set->size = size;
set->nums = (int*) calloc(set->size, sizeof(int));
for(i = 0; i < set->size; i++)
set->nums[i] = i + 1;
return set;
}

void print_set(t_set *set) {
int i;
if (set) {
for (i = 0; i < set->size; i++)
printf("%d  ", set->nums[i]);
printf("\n");
}
}

int main(int argc, char **argv)
{
t_set *set = create_set(4);
permute_set(set, 0, print_set);

}
``````
-
Got it. Looking. thanks! – Amit Oct 11 '09 at 8:23
It's a pointer to a function that takes a pointer to a `t_set` and returns nothing. A callback function. – GManNickG Oct 11 '09 at 8:23
Thanks a lot. It's just what I needed to. You already had this coded up? :) – Amit Oct 11 '09 at 8:25
Woah! Where's the error checking in `create_set()` ? How are you going to explain the segfault to your angry client when his OS runs out of memory? – Chris Lutz Oct 11 '09 at 8:27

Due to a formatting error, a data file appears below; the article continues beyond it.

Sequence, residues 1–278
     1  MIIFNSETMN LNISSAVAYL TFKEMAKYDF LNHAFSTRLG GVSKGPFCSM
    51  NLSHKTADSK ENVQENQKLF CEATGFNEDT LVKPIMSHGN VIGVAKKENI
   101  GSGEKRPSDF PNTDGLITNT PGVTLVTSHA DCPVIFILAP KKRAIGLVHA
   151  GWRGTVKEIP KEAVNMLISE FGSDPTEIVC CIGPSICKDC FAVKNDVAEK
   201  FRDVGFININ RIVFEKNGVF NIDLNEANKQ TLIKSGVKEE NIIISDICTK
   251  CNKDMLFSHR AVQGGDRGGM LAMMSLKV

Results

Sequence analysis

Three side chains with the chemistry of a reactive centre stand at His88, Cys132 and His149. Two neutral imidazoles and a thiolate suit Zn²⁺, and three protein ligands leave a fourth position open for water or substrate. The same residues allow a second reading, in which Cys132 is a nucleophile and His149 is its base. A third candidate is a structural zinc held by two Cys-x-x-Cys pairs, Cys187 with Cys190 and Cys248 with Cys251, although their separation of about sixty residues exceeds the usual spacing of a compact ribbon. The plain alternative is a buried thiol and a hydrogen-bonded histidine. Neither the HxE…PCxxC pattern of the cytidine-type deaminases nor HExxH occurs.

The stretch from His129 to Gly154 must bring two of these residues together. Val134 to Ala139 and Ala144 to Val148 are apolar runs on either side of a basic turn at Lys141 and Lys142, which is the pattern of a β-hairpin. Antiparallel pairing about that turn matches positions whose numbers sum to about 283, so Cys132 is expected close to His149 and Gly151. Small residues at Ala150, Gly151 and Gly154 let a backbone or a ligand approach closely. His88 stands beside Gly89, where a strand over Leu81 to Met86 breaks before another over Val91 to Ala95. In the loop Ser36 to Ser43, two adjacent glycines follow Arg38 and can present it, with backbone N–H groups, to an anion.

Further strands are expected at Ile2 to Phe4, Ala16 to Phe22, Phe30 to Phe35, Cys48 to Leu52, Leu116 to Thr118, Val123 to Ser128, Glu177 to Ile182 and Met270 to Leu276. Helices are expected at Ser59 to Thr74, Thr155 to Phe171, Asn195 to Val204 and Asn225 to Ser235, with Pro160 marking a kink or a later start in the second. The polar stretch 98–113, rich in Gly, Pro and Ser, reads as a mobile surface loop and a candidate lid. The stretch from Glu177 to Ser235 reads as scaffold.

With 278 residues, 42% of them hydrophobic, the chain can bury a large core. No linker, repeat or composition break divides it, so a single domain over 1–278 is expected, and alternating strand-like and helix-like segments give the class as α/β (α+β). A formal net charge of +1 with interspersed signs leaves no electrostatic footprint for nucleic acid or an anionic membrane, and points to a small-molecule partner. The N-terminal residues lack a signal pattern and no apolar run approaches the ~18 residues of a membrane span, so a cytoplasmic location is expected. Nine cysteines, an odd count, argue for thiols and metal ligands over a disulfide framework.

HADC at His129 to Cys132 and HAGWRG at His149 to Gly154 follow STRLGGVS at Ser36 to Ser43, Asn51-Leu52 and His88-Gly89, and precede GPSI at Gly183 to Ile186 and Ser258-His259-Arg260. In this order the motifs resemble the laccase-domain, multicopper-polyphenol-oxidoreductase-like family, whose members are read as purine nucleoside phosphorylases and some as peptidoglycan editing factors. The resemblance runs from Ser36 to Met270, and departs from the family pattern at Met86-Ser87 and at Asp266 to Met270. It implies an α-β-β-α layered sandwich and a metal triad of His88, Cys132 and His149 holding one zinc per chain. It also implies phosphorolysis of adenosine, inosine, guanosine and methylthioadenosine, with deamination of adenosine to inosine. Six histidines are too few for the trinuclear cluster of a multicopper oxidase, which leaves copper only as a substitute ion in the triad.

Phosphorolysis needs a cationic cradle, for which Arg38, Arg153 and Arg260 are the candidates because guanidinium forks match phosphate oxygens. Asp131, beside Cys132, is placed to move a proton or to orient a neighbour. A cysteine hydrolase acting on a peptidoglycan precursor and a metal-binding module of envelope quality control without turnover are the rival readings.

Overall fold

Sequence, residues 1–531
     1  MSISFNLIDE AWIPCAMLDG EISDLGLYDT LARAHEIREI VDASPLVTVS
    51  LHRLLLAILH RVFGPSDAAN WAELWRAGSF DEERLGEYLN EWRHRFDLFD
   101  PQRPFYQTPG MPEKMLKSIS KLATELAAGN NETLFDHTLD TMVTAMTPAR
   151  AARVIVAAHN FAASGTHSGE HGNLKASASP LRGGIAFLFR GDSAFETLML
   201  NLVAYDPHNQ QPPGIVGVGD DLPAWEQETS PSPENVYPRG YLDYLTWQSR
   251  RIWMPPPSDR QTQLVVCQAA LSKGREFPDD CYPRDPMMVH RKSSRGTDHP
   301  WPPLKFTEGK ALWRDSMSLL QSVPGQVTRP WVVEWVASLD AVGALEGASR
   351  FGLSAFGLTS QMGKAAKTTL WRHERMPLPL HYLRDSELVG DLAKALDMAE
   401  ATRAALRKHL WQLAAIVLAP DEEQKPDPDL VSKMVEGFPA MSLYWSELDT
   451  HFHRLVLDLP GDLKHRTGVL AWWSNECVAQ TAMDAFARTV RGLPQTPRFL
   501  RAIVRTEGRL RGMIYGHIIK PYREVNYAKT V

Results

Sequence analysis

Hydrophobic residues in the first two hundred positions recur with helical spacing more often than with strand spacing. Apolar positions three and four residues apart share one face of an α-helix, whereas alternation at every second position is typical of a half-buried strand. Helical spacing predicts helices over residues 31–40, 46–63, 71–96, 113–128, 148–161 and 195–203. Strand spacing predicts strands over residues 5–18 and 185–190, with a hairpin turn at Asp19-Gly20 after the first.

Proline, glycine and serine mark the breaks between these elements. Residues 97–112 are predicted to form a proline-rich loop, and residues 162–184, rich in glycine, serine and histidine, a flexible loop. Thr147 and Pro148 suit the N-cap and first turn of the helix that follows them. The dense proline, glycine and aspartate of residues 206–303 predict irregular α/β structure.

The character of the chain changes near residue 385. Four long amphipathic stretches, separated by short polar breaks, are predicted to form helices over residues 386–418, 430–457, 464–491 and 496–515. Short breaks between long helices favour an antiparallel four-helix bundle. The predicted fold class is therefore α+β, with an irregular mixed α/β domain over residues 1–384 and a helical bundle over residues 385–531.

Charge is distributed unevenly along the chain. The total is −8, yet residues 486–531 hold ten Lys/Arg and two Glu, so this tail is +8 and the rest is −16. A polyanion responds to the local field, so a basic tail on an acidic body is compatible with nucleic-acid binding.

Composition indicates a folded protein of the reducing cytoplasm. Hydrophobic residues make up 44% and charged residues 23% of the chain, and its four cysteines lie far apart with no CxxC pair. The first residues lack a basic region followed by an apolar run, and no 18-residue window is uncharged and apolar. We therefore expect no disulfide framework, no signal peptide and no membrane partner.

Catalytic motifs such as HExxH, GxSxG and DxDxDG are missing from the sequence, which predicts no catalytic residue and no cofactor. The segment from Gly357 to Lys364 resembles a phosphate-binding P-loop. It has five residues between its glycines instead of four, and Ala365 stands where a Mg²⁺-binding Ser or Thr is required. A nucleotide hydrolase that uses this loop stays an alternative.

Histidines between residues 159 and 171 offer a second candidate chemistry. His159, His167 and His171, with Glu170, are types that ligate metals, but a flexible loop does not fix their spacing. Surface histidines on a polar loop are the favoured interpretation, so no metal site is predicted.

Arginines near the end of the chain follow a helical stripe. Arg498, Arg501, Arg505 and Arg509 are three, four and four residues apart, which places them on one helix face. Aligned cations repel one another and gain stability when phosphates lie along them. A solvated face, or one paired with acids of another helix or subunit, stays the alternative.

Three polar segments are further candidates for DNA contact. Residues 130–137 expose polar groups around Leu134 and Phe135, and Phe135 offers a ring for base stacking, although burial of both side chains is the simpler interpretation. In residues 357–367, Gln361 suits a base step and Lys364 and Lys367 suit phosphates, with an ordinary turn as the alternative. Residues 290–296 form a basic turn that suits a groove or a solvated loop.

Also, don't use `int` for sizes. At a bare minimum use some `unsigned` type, and preferably use `size_t` since it's the type designed for storing sizes (any other type may not be big enough or be too big, which can cause problems). – Chris Lutz Oct 11 '09 at 8:28

You may think about the elements of a set as values of a cycle counter. 3 sets means 3 for cycles (as in GMan answare), N sets means N (emulated) cycles:

``````#include <stdlib.h>
#include <stdio.h>

int set[3][2] = { {1,2}, {3,4}, {5,6} };

void print_set( int *ndx, int num_rows ){
for( int i=0; i<num_rows; i++ ) printf("%i ", set[i][ndx[i]] );
puts("");
}

int main(){
int num_cols = sizeof(set[0])/sizeof(set[0][0]);
int num_rows = sizeof(set)/sizeof(set[0]);
int *ndx = malloc( num_rows * sizeof(*ndx) );

int i=0; ndx[i] = -1;
do{
ndx[i]++; while( ++i<num_rows ) ndx[i]=0;
print_set( ndx, num_rows );
while( --i>=0 && ndx[i]>=num_cols-1 );
}while( i>=0 );
}
``````
-

If you know exactly how many sets there are and it's a small number one might normally do this with nested loops. If the number of sets is greater than 2 or 3, or it is variable, then a recursive algorithm starts to make sense.

And if this is homework, it's likely that implementing a recursive algorithm is the object of the entire assignment. Think about it, for each set, you can call the enumeration function recursively and have it start enumerating the next set...

-